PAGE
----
It's 1964, Kennedy was shot, the Vietnam War is on its way, and FORTRAN is becoming a popular programming language. You are tasked with making a program to calculate a mathematical equation. You don't go for your keyboard, but instead for a pencil. You take a piece of paper, and meticulously write your code, one symbol at a time, inside little rectangles in the paper. The paper, meanwhile, doesn't report any errors. It has no debugger or breakpoints. It's a piece of paper.
You take that paper, hoping there are no typos, (or rather, writeos) and start punching holes in a card, where each hole corresponds to a symbol on that piece of paper. Again hoping you didn't make a mistake, you take the punch card and you put it inside a computer. The computer reads the card, compiles the program and outputs a little printout, kind of like a receipt in a store. You take the printout, you read it, and you see that it's an error. You missed a closing brace. With a sigh, you waddle back to the piece of paper, write in the closing brace, punch in a new card and repeat.
This was the iteration cycle of a program in the 1960s. Forget hot reloading, it would take you hours (sometimes days) to compile run a program! If I told you to write a "Hello world" program right now, it would probably take you around 10 seconds, depending on whether your IDE is opened in another window or not.
But think of the "Hello world" program. The problem of printing out the text "Hello world" was not inherently more complex in the 1960s than now. The problem was easily understandable then as it is now, it was just harder to actually implement with the technology.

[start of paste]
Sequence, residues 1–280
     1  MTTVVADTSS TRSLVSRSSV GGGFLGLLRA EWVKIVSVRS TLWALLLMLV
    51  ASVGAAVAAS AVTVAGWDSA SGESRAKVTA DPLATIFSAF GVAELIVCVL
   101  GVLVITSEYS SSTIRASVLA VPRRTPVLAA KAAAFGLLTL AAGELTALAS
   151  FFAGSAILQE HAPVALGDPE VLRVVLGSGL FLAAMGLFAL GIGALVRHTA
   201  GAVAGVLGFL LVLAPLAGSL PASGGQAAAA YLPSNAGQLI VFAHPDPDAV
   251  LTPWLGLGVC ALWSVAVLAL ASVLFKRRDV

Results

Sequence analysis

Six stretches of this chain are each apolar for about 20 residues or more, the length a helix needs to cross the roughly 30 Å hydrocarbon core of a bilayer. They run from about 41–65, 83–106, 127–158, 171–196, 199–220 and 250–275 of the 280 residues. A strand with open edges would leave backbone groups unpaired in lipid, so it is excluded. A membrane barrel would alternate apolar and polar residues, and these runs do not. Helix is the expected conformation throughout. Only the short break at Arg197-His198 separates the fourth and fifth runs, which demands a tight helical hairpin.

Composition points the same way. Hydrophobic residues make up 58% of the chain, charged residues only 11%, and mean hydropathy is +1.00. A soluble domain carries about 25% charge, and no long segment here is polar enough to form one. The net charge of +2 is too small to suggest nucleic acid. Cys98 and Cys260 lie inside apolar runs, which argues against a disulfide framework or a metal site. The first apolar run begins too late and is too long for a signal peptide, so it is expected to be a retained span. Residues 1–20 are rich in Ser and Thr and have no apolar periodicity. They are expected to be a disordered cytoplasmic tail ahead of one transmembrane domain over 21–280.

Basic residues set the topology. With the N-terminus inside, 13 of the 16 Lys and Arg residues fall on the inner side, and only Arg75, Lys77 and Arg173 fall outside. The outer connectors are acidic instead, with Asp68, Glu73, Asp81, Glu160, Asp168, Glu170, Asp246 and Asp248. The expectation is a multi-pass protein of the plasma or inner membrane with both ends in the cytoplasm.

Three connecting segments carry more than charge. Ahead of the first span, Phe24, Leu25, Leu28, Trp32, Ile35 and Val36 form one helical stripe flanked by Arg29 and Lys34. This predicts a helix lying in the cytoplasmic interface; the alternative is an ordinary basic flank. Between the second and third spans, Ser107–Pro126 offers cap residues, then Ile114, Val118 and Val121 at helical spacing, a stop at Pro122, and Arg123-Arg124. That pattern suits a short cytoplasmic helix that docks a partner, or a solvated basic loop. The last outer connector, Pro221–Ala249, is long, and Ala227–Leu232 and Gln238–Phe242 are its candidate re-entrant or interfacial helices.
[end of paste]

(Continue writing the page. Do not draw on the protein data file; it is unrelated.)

Here's another example: Jon Harrop wrote about a project that took over 40 developers almost 15 years to write in C++. He managed to write the whole thing himself in about 3 months in F#. And his version worked better.
Again, both pieces of software solve an equally complex problem, but the solutions differ in complexity.
Fred Brooks noticed this in 1986, and wrote about it in his amazing paper No Silver Bullet. He calls this inherent complexity of a problem essential complexity.
Obviously, it's much easier to write a hello world program than the next Facebook. The solution to one fits inside this sentence (
print "Hello World!"), while the latter would take a book with a million pages. (I'm serious) So, Facebook is inherently more complex than a "Hello world" program.
Essential complexity is how hard something is to do, regardless of how experienced you are, what tools you use or what new and flashy architecture pattern you used to solve the problem. Some things are just hard and take a long time. Essential complexity is a property of the problem you are trying to solve.
So far this is pretty obvious. Not all problems are equally complex. But think of the examples above. They are solutions to the same problem (with the same essential complexity) but the difficulty of the actual soltions differs in a few orders of magnitude. Why is that?
The reason is that not all complexity is essential. While some complexity is inherent to the problem, we also bring our own complexity while writing the program. This is called accidental complexity.